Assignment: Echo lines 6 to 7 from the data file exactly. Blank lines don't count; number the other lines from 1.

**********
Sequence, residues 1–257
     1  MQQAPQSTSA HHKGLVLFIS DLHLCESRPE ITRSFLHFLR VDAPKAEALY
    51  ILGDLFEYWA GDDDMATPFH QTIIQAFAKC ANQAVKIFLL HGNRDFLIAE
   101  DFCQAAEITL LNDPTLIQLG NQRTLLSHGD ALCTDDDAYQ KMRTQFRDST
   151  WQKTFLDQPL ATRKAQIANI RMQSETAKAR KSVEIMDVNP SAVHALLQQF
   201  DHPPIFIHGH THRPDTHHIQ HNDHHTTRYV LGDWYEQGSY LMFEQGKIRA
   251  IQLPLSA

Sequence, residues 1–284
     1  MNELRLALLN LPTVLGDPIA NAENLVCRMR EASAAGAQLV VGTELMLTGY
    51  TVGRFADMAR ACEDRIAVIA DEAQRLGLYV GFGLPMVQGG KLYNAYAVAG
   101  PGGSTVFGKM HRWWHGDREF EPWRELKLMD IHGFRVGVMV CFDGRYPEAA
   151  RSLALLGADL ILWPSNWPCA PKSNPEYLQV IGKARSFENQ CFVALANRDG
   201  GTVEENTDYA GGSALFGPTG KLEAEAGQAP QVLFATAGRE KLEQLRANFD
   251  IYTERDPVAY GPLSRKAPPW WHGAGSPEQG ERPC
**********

   201  DHPPIFIHGH THRPDTHHIQ HNDHHTTRYV LGDWYEQGSY LMFEQGKIRA
   251  IQLPLSA